Featured in the Washington Post, July 22, 2015
Back in 2003 Frey had been researching computer vision at the University of Toronto, a hotbed of deep learning research. Deep learning is a type of artificial intelligence in which computers learn to identify and categorize patterns in huge data sets. For examples, a self-driving car could use deep learning to identify pedestrians. Or a photo app might automatically group all of your photos of your grandmother or beach vacation together.
With frustration fresh on his mind, Frey knew he wanted to work on genomics. Out of hardship, Frey sought a way to make a positive impact, and his deep learning background would be his secret weapon.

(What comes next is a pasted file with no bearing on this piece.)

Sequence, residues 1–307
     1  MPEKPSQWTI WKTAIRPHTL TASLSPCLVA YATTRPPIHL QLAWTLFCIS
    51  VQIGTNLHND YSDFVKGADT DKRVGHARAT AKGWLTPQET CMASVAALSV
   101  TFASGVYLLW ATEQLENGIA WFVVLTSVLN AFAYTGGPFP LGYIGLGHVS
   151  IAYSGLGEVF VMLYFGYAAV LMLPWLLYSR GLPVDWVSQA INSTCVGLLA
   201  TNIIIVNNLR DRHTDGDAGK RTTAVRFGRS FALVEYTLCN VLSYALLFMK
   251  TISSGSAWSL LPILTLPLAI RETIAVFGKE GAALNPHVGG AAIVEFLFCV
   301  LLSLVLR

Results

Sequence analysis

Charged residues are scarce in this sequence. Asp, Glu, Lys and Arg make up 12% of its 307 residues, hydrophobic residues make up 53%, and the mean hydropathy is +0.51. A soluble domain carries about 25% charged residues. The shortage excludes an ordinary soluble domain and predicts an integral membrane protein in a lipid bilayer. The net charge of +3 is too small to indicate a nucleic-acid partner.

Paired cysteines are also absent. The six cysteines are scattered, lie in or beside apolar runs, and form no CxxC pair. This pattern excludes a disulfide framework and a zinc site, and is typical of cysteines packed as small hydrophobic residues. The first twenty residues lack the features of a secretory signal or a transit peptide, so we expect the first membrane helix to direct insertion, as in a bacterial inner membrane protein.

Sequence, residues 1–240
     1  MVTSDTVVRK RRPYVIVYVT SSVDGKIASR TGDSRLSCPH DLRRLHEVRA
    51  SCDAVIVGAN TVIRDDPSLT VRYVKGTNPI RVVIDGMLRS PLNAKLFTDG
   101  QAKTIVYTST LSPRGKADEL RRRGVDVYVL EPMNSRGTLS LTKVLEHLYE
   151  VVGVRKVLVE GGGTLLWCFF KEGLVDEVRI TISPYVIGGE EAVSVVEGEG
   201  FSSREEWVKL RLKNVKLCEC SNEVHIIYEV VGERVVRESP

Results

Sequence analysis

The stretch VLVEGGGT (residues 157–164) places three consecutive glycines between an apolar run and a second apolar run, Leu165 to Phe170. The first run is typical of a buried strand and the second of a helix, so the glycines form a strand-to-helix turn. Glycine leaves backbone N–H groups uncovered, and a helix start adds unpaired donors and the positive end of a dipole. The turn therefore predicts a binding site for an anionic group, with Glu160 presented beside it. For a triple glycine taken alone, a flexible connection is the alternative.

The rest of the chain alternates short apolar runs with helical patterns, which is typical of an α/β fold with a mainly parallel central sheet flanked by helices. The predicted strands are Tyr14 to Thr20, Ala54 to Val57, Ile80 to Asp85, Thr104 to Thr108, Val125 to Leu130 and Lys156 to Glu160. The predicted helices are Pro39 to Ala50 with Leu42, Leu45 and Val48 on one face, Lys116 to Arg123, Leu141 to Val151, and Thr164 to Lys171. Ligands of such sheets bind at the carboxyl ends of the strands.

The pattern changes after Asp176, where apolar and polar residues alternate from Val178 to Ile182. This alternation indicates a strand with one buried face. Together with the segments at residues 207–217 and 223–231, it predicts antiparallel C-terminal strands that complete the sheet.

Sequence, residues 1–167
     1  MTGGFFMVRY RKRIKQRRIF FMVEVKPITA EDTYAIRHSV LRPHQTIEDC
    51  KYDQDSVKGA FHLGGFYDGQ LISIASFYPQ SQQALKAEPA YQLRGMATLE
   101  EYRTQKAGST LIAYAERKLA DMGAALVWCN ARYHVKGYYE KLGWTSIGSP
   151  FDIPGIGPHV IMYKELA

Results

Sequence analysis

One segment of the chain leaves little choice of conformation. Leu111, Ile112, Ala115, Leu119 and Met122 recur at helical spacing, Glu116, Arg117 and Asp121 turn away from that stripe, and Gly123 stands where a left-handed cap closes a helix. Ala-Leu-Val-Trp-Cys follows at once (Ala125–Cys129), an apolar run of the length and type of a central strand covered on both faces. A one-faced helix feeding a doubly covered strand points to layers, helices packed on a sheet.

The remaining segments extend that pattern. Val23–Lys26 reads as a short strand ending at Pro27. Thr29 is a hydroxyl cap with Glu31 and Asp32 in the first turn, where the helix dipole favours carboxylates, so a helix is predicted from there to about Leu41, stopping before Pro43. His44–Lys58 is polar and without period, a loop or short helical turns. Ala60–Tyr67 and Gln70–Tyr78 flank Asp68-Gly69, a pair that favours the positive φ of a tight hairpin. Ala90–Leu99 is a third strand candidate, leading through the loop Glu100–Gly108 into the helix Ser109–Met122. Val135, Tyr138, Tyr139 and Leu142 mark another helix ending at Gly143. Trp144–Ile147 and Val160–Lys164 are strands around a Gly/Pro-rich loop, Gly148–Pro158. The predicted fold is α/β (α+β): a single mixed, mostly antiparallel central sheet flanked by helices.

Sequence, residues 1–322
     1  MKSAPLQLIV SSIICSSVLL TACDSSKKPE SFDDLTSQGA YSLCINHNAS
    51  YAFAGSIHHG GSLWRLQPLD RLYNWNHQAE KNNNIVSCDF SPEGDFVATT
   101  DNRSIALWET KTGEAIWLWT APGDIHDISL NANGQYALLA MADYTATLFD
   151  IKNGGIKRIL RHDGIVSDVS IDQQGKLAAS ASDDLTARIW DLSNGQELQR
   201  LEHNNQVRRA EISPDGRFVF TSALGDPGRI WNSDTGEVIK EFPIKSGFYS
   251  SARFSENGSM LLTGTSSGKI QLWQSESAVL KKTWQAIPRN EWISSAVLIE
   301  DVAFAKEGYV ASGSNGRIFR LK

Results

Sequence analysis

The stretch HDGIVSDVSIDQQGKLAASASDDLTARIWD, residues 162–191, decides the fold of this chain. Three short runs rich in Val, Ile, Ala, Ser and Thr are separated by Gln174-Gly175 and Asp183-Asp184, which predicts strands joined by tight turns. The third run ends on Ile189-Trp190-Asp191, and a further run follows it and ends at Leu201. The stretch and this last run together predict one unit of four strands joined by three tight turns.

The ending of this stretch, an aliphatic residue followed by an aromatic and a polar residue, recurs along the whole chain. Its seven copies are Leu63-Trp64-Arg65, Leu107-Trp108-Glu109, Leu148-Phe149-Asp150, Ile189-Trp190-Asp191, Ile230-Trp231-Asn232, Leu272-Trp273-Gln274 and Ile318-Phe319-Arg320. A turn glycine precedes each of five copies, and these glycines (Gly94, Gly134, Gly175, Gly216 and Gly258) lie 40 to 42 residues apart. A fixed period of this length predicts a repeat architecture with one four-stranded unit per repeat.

“How can I make a difference to the next couple that shows up for genetic counseling and needs to figure out what’s going on genetically,” Frey said. “A billion dollars had been spent on the genome, it was obviously very important, but really people could not make sense of the genome.”
Frey began to develop a rare skill-set — combining genomics and deep learning. He published papers in leading academic journals and gave talks at conferences and universities. But years went by and medicine wasn’t transforming. Other researchers and companies weren’t running with the work, which surprised Frey.